You know those people you always see around town - the ones you never talk to but have seen so many times you give each other a friendly nod anyway? And then one day, some mutual friend introduces you and the two of you vibe out, realizing the nod was a prelude to a deeper bond?
Well, that's how I feel about the band Argonaut. I've seen their name on fliers for years, been at shows they've played but been too drunk to remember, and seen friends of mine have "liked" them on Facebook. But I've never really gotten to know them.
The time has come for that nod of recognition to come full circle. A thorough listen to Argonaut's music - which includes Brandon Boote on drums, Matt Sader on bass and vocals, Dave Takata and Chad Baker on guitar - and an insight to the band's workings through an interview with Sader have made a fan out of me.
It also makes me excited for the release (anticipated to be out by the end of the year) of their new EP on Van Connor of Screaming Trees fame record label Strange Earth Records. The band's history holds two EPs under their belt, as well as rotation of band members and a break up period from 2005 to 2009, where they played a friend's wedding, followed by an official reunion in 2011.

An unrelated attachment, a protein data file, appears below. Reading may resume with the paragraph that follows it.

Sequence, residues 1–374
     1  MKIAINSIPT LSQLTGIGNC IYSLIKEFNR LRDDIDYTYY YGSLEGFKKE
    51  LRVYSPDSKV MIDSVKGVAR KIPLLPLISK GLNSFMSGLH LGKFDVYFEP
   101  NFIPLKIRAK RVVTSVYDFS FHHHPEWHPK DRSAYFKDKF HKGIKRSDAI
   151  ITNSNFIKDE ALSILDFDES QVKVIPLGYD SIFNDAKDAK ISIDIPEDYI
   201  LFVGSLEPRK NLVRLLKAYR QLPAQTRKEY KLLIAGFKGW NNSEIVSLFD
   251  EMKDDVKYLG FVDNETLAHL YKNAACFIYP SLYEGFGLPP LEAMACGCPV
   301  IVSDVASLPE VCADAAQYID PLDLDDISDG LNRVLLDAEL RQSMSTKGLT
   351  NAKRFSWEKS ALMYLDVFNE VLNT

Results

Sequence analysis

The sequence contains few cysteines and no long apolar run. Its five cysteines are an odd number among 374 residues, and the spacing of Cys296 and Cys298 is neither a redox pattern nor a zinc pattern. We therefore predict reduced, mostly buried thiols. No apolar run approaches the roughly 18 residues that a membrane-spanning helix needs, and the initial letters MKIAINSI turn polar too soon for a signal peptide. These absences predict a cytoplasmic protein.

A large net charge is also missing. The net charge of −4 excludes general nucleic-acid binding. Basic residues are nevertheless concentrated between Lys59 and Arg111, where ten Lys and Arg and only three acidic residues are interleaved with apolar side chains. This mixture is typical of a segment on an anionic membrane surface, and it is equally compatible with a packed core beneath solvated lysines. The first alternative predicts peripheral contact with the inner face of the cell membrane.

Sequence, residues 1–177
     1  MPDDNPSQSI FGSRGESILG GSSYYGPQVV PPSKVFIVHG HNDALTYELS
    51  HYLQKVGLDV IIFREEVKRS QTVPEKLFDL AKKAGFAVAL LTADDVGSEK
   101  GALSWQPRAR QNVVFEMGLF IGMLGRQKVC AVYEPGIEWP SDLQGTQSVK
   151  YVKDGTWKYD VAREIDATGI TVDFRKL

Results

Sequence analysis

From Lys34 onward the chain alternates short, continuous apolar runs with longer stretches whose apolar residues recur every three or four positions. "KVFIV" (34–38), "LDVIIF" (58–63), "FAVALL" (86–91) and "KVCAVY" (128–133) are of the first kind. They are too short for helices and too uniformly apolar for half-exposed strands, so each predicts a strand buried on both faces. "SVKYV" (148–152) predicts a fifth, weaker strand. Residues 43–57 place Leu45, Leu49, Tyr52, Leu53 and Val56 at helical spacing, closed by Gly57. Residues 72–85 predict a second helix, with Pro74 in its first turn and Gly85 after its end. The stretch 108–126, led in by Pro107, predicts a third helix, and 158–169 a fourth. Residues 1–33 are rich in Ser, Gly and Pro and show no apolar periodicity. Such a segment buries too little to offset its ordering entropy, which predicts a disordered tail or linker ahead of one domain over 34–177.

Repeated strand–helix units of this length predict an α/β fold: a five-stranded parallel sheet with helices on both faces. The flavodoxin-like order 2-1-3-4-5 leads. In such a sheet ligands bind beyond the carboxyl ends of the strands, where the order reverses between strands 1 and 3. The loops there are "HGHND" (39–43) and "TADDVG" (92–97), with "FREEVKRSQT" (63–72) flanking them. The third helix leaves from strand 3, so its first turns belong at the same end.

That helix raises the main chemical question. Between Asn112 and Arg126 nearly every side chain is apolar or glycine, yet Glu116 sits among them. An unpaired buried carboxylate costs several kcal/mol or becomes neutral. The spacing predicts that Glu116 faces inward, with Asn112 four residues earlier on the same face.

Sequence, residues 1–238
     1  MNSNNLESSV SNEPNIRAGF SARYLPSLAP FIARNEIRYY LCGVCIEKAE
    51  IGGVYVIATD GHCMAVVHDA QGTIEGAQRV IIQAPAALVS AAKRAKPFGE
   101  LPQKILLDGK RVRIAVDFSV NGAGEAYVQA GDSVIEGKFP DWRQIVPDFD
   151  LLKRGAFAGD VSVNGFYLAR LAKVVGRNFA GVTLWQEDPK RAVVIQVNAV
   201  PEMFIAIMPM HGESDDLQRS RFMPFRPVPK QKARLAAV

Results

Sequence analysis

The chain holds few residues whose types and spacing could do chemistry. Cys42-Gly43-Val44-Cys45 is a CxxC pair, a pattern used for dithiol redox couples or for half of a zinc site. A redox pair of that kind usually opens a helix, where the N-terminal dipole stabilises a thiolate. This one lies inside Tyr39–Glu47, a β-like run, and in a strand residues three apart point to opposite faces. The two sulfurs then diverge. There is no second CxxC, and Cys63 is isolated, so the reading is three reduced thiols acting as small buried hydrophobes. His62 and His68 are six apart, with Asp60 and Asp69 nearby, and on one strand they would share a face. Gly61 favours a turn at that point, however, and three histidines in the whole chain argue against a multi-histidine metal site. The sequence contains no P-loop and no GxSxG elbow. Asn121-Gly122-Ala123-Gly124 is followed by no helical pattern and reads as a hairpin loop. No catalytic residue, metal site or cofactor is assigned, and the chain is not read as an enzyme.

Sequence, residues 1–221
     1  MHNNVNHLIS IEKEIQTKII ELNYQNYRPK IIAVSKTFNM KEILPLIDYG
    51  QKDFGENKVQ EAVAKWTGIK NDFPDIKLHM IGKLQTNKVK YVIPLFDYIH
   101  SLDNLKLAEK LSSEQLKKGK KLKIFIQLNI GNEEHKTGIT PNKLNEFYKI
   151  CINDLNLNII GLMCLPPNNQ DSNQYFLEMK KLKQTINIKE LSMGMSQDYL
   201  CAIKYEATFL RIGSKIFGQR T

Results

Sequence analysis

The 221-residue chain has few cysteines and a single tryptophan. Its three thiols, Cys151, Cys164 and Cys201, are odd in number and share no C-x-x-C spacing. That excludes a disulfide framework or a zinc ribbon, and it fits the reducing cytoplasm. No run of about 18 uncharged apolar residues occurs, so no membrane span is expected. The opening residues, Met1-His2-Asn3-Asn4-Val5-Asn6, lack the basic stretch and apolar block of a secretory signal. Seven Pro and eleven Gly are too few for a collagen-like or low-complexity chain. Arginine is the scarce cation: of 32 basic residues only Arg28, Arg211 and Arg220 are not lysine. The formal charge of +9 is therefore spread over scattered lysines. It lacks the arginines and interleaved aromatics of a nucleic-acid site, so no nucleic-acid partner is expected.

"Van approached us within four months of getting back together," Sader says. "He wanted to do a single like old Sub-Pop singles club, but we did more - we left on an EP and we're coming back on an EP."
And perhaps this couldn't have been a better time. With a successful run of shows with other heavy-hitters like Men of Porn, High on Fire, Yob and many others - plus steady rotation on KEXP and a long hiatus from playing music - Argonaut was ripe for a new release.
"I think this EP is our best work yet," Sader says. "We kinda get to a deeper side - we open up sounding like us, and then halfway through the mood changes - it's more abrasive, more angry. We're all going though life issues."
There is something about how Agronaut and its stoner/punk rock way penetrates a little deeper than other music. The vocals are more gruff and screamy, but harmonic, and the lyrics tend to lay on the side of weird and dark. But those combined forces along with killer guitar licks, deep bass and a backbone of thunderous drums - keeps me coming back for more.
Argonaut encompasses all the key characteristics of good rock, and keeps a common thread of slow ticklers of drifty, minimal sounds into a crescendo of layered, heavy, hard, head-banging music.
Hopefully, the band's new EP will prove to be another testament to its reputable sound and gives listeners the fix only good rock can cure, yet displays its new sound in an honest, relatable and horn-throwing way.
For a sneak peek, the band will be playing its new EP live Oct. 25 at New Frontier.